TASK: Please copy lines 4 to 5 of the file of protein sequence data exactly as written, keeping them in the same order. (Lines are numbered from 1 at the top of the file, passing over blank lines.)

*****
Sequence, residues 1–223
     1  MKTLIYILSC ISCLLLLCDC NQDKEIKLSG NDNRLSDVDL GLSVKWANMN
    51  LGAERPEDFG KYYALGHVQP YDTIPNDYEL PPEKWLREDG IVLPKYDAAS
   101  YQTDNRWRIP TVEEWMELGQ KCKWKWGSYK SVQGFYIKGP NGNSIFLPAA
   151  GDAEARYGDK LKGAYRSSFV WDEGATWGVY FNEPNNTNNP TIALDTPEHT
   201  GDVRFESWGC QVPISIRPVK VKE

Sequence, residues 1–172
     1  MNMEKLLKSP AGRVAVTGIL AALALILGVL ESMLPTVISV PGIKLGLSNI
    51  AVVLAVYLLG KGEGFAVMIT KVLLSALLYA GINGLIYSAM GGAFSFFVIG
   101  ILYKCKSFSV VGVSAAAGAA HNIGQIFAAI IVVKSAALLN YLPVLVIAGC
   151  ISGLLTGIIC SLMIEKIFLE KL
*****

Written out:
   101  YQTDNRWRIP TVEEWMELGQ KCKWKWGSYK SVQGFYIKGP NGNSIFLPAA
   151  GDAEARYGDK LKGAYRSSFV WDEGATWGVY FNEPNNTNNP TIALDTPEHT